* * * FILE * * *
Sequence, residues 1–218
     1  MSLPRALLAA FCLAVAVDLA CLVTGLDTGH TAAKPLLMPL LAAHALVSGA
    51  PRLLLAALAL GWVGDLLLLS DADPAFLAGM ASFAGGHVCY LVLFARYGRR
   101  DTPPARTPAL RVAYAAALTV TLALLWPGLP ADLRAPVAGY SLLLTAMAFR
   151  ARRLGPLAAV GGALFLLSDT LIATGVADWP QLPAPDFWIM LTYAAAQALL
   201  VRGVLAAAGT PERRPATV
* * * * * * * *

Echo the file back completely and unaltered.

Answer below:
Sequence, residues 1–218
     1  MSLPRALLAA FCLAVAVDLA CLVTGLDTGH TAAKPLLMPL LAAHALVSGA
    51  PRLLLAALAL GWVGDLLLLS DADPAFLAGM ASFAGGHVCY LVLFARYGRR
   101  DTPPARTPAL RVAYAAALTV TLALLWPGLP ADLRAPVAGY SLLLTAMAFR
   151  ARRLGPLAAV GGALFLLSDT LIATGVADWP QLPAPDFWIM LTYAAAQALL
   201  VRGVLAAAGT PERRPATV